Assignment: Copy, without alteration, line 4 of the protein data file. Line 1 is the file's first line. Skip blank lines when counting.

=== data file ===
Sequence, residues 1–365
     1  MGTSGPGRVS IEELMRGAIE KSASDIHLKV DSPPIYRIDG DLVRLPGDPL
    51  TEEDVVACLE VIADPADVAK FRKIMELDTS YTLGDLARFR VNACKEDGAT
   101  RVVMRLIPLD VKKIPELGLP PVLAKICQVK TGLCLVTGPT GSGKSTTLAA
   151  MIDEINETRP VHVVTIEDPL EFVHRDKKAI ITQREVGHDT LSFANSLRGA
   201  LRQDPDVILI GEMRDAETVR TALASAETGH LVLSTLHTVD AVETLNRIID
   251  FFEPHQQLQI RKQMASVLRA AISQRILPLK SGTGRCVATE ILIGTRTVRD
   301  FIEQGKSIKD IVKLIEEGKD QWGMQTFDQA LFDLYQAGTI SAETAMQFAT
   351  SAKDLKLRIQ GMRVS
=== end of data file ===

   101  RVVMRLIPLD VKKIPELGLP PVLAKICQVK TGLCLVTGPT GSGKSTTLAA